Wlliam Gilmore Simms
The Simms Review (Vol 1: No 2) >> John Esten Cooke's Sketch of Simms >> Page 33

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Page 33

Reviews/Essays | 1858 - 1859
Transcription 33


David Aiken

In 1859 Orville Victor, editor of the Cosmopolitan Art Journal, asked
Simms to mail him a photograph and a biography. Simms accepted the invitation
and provided a choice of photographs as well as detailed instructions for Victor's
engraver. "Your engraver," he writes, "will need to open the eyes a little. Being
once a sufferer from coup de soleil, the least condensation of light upon my eyes,
even for a moment, causes the delicate muscles of that region to wince & contract,
so that the eye nearly closes, & there is a swelling & corrugation all around it, &
the very nose is slightly lifted. To correct this, get the engraved portrait publishe
by Redfield and let the engraver work out from the two" (Letters, IV, p. 178).
The care Simms took with his picture is mirrored in his selection of John
Esten Cooke as the man to write his biography. Simms had known Cooke since
1854, though perhaps not very well. As late as January 1859, he addresses Cooke
as "My dear Mr. Cooke" and includes the line "my dear young friend, you are a
bachelor, I believe" (Letters, IV, p. 114). Even Simms's July 1859 letter asking
Cooke to provide a biography reads like a friendship in the early stages. After
explaining his need of someone to write a memoir for him, Simms says, "It is
tasking your friendship very soon to say, as I do, that I know of no one who could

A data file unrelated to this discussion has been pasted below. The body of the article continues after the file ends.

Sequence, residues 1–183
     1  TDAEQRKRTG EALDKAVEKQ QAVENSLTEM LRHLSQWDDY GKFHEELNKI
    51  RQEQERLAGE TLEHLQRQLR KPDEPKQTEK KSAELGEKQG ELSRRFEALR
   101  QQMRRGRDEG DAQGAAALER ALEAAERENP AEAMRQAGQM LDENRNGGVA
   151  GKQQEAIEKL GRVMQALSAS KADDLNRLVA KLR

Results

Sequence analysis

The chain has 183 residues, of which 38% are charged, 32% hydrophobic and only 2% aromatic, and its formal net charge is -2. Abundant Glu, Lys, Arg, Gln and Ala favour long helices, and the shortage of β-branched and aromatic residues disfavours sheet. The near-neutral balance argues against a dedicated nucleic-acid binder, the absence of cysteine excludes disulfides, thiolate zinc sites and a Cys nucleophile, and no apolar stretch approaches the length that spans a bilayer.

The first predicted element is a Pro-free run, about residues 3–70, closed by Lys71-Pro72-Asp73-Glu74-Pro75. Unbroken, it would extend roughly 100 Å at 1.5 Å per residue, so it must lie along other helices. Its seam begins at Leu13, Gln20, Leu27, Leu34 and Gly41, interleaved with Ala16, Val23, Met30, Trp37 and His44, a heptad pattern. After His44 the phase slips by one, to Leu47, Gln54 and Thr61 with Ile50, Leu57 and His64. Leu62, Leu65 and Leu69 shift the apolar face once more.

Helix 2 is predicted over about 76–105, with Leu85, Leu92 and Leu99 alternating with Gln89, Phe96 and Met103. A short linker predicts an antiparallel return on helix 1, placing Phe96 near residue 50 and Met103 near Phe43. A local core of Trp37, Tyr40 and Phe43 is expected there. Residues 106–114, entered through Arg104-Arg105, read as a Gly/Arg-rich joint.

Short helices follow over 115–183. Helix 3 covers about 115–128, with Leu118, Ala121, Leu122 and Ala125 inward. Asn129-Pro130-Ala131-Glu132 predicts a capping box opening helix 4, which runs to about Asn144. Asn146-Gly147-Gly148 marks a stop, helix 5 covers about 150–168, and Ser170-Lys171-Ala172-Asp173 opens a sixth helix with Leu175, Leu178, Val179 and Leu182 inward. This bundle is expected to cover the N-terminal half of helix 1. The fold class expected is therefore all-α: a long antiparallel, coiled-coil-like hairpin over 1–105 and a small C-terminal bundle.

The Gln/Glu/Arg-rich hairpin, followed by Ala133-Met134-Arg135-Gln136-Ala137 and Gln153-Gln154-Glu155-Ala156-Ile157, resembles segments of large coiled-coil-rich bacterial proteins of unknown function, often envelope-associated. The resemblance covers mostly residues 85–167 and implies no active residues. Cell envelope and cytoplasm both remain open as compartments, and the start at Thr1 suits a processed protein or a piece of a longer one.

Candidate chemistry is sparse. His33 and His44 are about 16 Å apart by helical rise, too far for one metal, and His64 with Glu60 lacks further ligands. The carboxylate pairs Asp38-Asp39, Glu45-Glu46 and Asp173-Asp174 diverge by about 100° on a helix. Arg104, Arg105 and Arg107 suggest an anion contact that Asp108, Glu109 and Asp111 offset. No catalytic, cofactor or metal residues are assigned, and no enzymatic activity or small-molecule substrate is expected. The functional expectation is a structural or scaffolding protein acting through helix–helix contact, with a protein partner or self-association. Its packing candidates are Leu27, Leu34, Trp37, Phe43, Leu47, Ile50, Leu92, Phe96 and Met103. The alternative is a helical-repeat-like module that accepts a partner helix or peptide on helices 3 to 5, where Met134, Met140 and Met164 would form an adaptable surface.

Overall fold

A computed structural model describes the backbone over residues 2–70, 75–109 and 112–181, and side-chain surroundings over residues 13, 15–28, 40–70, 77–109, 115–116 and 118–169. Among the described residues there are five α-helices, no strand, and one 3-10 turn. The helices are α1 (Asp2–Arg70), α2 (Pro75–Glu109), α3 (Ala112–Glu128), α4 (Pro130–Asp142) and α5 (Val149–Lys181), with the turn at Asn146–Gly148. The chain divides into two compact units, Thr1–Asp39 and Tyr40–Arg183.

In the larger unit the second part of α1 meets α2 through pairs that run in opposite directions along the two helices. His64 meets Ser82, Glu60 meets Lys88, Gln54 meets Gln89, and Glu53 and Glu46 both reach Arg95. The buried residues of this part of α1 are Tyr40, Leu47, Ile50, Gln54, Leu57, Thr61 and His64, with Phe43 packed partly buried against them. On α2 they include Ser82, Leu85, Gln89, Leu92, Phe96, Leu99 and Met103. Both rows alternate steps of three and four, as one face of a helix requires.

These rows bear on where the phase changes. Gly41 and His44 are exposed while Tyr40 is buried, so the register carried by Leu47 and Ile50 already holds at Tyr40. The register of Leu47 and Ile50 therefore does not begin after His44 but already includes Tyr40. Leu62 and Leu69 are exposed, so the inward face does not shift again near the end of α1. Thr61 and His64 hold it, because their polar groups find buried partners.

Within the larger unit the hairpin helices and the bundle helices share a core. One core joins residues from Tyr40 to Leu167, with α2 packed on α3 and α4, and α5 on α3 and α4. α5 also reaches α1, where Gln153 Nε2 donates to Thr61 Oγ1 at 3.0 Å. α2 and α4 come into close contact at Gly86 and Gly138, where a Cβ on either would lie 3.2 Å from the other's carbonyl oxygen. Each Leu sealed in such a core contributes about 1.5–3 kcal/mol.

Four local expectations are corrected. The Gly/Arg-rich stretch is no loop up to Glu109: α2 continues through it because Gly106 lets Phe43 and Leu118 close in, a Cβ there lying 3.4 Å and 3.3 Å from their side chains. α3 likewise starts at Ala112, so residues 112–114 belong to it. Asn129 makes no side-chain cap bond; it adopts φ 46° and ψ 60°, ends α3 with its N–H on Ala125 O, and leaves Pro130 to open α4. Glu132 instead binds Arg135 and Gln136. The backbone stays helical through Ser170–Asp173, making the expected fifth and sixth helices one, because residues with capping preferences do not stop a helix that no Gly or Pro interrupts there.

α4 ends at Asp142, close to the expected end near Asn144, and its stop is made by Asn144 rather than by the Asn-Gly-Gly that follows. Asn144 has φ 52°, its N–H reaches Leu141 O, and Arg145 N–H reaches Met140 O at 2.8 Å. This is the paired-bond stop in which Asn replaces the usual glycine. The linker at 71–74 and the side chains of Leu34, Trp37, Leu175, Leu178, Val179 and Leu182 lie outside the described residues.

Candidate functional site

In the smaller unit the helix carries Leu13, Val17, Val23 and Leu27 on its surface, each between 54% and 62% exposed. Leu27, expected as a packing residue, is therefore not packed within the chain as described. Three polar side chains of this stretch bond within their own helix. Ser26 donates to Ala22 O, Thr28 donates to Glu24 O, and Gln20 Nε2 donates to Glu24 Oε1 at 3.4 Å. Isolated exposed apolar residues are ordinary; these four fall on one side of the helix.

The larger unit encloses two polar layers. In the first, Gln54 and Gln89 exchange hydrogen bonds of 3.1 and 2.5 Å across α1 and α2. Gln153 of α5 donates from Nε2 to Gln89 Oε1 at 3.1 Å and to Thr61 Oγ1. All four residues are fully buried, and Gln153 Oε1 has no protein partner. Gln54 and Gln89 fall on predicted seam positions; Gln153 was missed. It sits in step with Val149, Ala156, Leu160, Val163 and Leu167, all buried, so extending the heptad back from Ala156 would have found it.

please me better by such a performance, but it must be a labour of love, for Victor
can't afford pay" (Letters, IV, p. 166).
What made Cooke a good choice was not his knowledge of Simms the
man but rather his thorough acquaintance with Simms the author. Already
familiar with Simms's work, Cooke had published a glowing review of Simnrs's
Revolutionary Romances in Southern Literary Messenger (May 1859, pp. 355-
370). An abridged version was published the same month in the Charleston
Mercury (25 May 1859).
Cooke's praise of Simms carried considerable credibility during this period.
Cooke had already achieved critical and popular success with The Virginia
Comedians. His five other novels had also sold well. His stories, poems, and
essays had been published in Harper's and Putnam's„and Rufus Griswold had
included him in Poets and Poetry of America.
That Cooke knew little of Simms personally is evident when Simms directs
him to other sources: "If you feel in the vein, you can find adequate material of
fact in the paper in Duyckinck's Cyclopaedia; & in the pages of the Messenger,
in the article of Mr. Miles....Your own analysis will supply the commentary; and
you may use much of what you have said elsewhere, as such a sketch, for such
a journal, does not limit you to the rigid reserves of a Cyclopaedia of biography"
(Letters, IV; pp. 166-167). Further evidence is found in Simms's September 1859
letter to Victor: "I hasten to send you the sketch of myself which I have just
received from Mr. Cooke. I might add a good many details, but his summary
seems to cover them" (Letters, IV, p. 178). He then elaborates details. He notes,
for instance, that he is a cotton planter on a plantation named Woodlands, that he